Academic Libraries are exploring new directions with innovative designs; one example, the most renowned, is the Hunt Library at North Carolina State University. Interestingly, the design of the library is taken from the world of textiles, which North Carolina has a long history with: http://www.ncglobaleconomy.com/textiles/overview.shtml
The revolutionary changes at Hunt make it possible for students to engage in play, AKA learning on multiple levels. It is a living example of, “an entrepreneurial spirit, eager to experiment with many nontraditional tools in order to connect with users in new ways.” (From community to technology… and back again, Andy Havens and Tom Storey, Module 5) There is an explanation on how their book retrieval system (the BookBot) works in this article: https://www.ourstate.com/hunt/
As children, we have an innate sense of play that we utilize in exploring the world around us. Libraries such as Hunt have the potential to bring forth a sense of experimentation and exploration to higher learning institutions.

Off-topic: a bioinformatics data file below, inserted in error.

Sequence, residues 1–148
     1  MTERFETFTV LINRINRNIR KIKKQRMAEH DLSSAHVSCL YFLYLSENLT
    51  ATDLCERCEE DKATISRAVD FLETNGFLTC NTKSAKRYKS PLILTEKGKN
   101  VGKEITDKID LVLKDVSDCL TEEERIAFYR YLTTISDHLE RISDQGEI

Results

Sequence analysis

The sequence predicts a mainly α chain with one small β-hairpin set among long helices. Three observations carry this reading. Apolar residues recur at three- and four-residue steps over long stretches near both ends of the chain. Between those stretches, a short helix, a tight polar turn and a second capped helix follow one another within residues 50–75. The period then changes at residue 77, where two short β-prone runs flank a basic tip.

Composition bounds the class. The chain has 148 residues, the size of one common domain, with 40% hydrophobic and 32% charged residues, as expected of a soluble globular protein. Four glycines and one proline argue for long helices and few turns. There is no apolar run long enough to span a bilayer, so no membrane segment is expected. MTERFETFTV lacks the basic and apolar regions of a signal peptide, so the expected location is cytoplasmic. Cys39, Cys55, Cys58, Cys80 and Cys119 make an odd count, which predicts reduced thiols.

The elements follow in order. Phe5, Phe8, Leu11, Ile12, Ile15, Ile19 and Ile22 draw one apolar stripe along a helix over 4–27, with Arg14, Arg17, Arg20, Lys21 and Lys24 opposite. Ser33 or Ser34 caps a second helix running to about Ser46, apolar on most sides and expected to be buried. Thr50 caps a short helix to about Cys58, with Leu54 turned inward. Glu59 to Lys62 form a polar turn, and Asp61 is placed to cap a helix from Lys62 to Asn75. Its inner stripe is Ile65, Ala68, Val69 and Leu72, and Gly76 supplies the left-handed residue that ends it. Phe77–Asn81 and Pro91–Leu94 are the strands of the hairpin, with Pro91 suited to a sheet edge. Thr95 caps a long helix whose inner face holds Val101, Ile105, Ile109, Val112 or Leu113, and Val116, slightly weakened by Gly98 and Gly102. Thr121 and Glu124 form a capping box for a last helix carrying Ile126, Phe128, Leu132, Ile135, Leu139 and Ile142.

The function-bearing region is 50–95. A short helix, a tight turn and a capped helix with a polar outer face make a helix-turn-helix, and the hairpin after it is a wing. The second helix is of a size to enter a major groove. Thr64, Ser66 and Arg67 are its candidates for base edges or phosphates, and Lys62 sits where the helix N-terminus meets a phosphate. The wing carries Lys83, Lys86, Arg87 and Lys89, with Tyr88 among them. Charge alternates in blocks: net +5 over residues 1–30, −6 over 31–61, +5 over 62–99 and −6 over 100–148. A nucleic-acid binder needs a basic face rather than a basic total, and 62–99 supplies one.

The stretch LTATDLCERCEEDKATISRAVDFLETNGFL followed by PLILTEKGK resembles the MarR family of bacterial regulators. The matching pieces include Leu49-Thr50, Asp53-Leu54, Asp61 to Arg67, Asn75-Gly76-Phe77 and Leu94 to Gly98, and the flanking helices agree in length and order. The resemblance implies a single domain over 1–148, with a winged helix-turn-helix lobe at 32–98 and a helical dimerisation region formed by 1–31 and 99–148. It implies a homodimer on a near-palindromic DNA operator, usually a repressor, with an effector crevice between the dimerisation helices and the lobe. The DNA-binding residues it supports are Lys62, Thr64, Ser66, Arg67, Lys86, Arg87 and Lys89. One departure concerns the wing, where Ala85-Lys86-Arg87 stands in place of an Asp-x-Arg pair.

What is work if not an outgrowth of the play we exhibit as younger beings? Ideally, it is accomplished with interest and joy in our actions. There is sometimes frustration as well, hopefully as a part of the process, rather than the entire process. For millennials, especially, who were born with a chip in their hand, it is essential to provide a habitat for “…challenging, technology-oriented instructional activities.” (The hyperlinked school library: engage, explore, celebrate, Stephens, M. (2010), Module 3)
To paraphrase my favorite quote from the Hunt Library information in the module, “Employers who have come to see the library have realized that they will need to provide opportunities to students with amazingly advanced skills.”
The most interesting article, to me, in the Hyperlinked Academic Library adventure section was in Things to Explore, and is a report on redesigning signage, the directional/informational signs found in libraries: Signage by Design: A Design-Thinking Approach to Library User Experience by Edward Luca and Bhuva Narayan.
This is a comprehensive look at using signs in a library, with both a great deal of research and explanations of how and why they changed their signs. They asked students what they thought about the proposed changes, which is an excellent idea, and also used complementary colors for the signs. It is not only that the article showcases the changes, equally important is they detail their strategies in doing this.